Stand up for the ocean. Read Erik van Sebille’s inaugural lecture
‘How activistic can academics be?’
Erik van Sebille’s inaugural lecture from 16 May, 2023 as Professor of Oceanography & Public Engagement is now available online. Van Sebille is a renowned oceanographer and climate scientist with a focus on how ocean currents transport plastic, heat, marine organisms, and nutrients. He has always been very involved in science communication and public engagement in relation to his own research, and will now use this experience in academic research in the field.
This chair is the first in the Netherlands to combine climate research, oceanography, and public engagement. To Van Sebille, it is a wonderful opportunity to connect his expertise in physical oceanography with his interest in public engagement, and passion for the ocean in general. “My ambition is to approach this unique professorial remit in a holistic manner”, he says. “I want the combination of the two fields to lead to insights that would stay beyond reach if they were done individually.”
Extraordinary entry point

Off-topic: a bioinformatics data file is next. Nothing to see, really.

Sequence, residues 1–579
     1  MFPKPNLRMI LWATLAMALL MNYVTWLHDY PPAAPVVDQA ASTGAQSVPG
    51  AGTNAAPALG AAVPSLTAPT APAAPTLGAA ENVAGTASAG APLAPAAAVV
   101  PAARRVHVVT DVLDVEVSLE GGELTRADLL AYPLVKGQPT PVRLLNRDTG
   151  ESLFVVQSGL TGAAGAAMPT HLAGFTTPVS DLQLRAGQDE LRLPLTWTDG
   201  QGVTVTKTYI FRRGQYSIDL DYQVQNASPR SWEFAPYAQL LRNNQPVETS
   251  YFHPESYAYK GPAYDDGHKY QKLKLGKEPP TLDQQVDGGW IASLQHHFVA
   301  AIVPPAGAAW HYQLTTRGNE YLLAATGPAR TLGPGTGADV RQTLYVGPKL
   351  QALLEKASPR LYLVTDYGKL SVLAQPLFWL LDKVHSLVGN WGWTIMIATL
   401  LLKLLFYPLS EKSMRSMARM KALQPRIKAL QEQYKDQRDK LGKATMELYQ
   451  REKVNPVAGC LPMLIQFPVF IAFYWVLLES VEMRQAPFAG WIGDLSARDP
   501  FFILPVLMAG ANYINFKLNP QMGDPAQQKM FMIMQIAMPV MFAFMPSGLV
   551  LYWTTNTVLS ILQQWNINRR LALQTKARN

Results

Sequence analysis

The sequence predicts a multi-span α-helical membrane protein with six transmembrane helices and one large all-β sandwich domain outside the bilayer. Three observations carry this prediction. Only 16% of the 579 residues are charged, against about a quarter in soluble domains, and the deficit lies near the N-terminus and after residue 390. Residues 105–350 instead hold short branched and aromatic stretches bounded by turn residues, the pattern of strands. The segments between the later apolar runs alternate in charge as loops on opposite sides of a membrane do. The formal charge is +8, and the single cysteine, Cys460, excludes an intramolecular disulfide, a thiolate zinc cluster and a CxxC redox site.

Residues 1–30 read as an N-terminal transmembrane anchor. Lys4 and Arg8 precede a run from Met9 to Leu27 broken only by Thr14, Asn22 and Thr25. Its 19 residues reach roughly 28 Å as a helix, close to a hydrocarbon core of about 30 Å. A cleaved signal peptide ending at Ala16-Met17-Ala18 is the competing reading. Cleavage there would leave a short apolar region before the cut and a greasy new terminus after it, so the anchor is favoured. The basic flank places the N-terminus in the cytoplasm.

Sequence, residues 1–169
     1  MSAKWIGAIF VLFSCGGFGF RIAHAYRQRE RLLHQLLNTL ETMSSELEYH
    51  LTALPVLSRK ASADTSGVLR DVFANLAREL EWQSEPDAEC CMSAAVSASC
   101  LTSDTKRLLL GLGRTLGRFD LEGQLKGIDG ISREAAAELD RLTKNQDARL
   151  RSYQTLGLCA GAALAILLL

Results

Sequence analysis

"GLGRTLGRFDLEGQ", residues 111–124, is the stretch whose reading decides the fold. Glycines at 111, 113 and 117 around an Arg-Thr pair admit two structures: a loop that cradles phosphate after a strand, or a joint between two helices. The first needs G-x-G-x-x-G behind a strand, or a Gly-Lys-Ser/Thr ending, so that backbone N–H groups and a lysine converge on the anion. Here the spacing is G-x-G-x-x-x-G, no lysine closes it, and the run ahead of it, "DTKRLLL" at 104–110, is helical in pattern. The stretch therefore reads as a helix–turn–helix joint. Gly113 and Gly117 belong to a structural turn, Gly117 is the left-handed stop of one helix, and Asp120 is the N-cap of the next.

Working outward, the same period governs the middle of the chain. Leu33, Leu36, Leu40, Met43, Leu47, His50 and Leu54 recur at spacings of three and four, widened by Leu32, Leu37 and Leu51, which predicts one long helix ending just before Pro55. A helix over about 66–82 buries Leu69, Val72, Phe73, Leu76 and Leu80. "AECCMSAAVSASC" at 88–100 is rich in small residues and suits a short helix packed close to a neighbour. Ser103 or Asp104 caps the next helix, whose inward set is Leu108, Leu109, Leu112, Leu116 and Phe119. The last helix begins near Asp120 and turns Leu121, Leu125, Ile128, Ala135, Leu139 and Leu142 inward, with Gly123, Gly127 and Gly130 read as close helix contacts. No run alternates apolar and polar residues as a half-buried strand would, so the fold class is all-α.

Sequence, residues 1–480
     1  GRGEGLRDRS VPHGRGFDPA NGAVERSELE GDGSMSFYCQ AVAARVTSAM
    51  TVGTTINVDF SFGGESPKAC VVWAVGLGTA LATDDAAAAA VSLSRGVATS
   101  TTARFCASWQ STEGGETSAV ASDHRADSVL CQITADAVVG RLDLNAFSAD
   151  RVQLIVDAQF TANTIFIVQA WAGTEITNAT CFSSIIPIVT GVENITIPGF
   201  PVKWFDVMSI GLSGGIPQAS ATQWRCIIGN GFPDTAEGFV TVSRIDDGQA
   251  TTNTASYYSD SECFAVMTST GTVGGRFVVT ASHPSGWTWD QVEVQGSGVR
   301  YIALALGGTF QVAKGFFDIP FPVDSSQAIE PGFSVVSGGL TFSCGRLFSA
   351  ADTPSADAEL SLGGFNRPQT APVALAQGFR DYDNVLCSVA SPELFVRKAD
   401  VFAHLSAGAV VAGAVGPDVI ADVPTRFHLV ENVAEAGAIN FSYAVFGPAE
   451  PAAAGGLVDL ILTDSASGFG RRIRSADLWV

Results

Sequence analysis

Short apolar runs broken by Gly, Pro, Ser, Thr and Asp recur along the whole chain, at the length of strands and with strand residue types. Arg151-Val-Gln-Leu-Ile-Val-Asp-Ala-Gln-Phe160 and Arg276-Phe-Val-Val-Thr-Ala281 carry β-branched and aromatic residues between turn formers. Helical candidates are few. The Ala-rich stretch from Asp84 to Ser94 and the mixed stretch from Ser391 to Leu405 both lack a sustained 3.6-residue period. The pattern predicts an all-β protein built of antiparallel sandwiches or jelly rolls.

Van Sebille is convinced that the ocean can provide an extraordinary entry point for public engagement on sustainability. “Most people have a notion of the ocean as exciting, mysterious, perhaps even romantic. There’s a reason why so many people go on beach holidays, and are then willing to pay a premium for a hotel room with ocean view.”
At the same time, the ocean is under serious threat. “It is facing a double whammy of warming and acidifying under increased carbon dioxide levels”, Van Sebille explains. In addition, there is of course plastic pollution, and our economic system has allowed exploitation of the ocean on an unprecedented scale. Industrial-scale fishing, shipping and other marine activities are detrimental to marine life.
Although the scientific evidence for the greenhouse effect has been known for almost a century now, the academic community has failed to avert the climate crisis. The research question Van Sebille is especially interested in what role academics could play, and what they can do to turn the tide. “How do we fit into the narrative? In a society where people glue themselves to traffic intersections, private jets, and fine arts, how effective is it for academics to be activistic?”